McCormick remained generous in the post-war era as well. He gave to numerous individuals and aid associations to help restore the South. Most notable was an endowment of $20,000 to Washington College in his home county in Virginia. In the North, after the Church and the Democratic Party, he was most generous to causes in the Chicago area. To the Chicago YMCA, he give $25,000 and his estate give $100,000 to the Chicago Evangelization Society, an organization intent on training men and women for the task of evangelizing Chicago. This society would eventually be named the Moody Bible Institute after D. L. Moody, a personal friend of McCormick. McCormick's legacy with the Moody Bible Institute did not just include monetary gifts. McCormick's son, Cyrus Hall McCormick, Jr. was to become Moody Bible Institute's first chairman of the board.
Married on 26 January 1858 to Nancy Maria "Nettie" Fowler, who was a friend and confidant of Emma Dryer. The couple eventually had five children. Cyrus Hall McCormick died in Chicago on 13 May 1884 at the age of seventy-five. His body is buried at the Graceland Cemetery at 4001 N. Clark Street in Chicago.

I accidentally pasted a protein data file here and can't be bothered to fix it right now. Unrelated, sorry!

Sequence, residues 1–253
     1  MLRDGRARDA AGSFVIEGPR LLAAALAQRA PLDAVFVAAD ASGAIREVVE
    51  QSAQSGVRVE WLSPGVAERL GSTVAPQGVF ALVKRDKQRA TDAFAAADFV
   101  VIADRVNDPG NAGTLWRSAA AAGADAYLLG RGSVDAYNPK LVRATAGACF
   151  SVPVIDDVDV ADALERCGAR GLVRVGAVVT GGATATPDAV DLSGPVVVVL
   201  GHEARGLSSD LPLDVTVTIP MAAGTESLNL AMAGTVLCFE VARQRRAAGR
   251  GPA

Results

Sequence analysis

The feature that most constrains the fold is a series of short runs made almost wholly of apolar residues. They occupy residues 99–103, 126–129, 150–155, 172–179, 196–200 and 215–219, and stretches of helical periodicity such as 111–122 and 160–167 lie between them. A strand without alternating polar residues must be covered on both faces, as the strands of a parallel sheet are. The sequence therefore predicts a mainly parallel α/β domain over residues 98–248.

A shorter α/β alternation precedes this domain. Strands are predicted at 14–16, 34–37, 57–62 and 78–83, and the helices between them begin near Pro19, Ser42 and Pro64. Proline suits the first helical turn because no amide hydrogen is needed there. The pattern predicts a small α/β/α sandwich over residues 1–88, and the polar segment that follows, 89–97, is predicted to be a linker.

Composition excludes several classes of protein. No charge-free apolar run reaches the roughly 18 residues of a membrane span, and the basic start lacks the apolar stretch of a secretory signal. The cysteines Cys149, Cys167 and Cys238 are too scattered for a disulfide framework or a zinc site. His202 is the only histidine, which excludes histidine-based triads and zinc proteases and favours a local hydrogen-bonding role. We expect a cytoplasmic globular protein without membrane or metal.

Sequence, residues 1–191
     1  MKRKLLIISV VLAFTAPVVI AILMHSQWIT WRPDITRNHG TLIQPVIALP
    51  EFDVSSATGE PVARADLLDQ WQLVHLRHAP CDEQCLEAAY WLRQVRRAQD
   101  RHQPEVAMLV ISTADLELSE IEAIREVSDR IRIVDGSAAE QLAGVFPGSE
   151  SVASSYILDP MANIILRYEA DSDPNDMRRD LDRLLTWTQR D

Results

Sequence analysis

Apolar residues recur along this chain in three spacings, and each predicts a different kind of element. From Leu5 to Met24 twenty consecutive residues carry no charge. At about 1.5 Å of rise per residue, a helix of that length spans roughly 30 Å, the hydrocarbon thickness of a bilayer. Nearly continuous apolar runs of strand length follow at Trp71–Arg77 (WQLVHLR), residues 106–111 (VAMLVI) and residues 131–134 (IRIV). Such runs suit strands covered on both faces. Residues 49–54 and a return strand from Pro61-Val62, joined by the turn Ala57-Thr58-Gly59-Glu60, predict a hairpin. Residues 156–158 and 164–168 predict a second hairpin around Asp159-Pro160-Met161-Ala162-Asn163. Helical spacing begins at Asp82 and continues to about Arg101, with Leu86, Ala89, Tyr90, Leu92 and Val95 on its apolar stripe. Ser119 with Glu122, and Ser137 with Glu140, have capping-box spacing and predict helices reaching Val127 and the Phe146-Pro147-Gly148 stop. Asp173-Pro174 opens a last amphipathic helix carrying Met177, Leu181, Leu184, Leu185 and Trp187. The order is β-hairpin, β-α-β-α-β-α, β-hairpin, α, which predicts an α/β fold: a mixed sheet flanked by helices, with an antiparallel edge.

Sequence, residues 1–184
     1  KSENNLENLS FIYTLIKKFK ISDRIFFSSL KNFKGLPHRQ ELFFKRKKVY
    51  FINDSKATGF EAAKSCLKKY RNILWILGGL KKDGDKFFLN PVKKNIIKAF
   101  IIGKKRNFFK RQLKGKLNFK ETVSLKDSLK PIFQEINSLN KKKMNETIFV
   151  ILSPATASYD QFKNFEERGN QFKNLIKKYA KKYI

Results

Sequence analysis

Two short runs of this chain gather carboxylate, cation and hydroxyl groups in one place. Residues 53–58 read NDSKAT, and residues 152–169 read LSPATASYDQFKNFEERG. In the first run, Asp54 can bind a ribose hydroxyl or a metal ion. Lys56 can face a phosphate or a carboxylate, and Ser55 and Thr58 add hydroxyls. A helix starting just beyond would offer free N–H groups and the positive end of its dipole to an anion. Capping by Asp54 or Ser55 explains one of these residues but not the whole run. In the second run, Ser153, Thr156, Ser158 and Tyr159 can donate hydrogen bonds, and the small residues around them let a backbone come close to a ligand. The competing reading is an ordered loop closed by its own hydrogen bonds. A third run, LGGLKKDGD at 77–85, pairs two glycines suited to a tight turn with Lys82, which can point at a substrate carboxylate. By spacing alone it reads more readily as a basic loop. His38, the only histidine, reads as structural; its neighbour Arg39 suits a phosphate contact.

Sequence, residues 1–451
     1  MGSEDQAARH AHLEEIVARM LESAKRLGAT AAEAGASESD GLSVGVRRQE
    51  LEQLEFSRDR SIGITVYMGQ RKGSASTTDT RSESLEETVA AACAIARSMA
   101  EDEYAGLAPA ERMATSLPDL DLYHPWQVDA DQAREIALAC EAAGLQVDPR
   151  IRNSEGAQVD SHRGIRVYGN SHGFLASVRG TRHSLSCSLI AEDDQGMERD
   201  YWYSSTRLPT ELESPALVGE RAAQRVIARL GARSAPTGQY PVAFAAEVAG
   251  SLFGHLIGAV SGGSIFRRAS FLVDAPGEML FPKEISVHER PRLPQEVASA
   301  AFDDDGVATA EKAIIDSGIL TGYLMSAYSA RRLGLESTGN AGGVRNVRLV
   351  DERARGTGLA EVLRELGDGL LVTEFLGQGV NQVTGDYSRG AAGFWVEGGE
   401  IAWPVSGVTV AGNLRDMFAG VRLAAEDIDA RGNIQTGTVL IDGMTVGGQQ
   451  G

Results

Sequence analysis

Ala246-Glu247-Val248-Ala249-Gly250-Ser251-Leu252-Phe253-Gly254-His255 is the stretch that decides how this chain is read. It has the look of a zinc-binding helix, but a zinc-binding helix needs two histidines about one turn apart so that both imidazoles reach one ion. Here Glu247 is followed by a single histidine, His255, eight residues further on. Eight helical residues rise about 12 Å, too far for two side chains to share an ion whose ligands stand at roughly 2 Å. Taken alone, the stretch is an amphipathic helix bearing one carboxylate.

Harvester World 27, no. 7 (July 1936).
Hatstad, Margaret R., ed. Guide to the McCormick Collection of the State Historical Society of Wisconsin. Stevens Point, Wisc.: Worzalla Publishing Co. 1973.
Hutchinson, William T. Cyrus Hall McCormick. Vol 1, Seed Time, 1809-1856. New York: Appleton-Century Company, 1930. Reprint, New York: Da Capo Press, 1968.
Hutchinson, William T. Cyrus Hall McCormick. Vol 2, Harvest, 1856-1884. New York: Appleton-Century Company, 1935. Reprint, New York: Da Capo Press, 1968.
"McCormick, Cyrus Hall." Historical Collection, Henry C. Crowell Library, Moody Bible Institute, Chicago. McCormick Reaper Centennial Source Material. n.p, n.d.
Woodbridge, John, ed. More than Conquerors: Portraits of Believers from All Walks of Life. Chicago: Moody Press, 1992.
McCormick's Life Timeline
1809, February 15
Born Rockbridge County, Virginia.
Invented first successful mechanical reaper
Moved his production facility west to Chicago, Illinois to be closer to the grain fields of the Midwest and Plains.
Reaper won Council Medal at the London World's Fair.
Reaper won the Grand Medal of Honor at the Paris International Exhibition.
Married Nancy Maria ("Nettie") Fowler, 23.
Brought Seminary of the Northwest, latter the McCormick Theological Seminary to Chicago.
Factory destroyed in the Great Chicago Fire.
Elected into the French Academy of Science.
1884, May 13
Died in Chicago.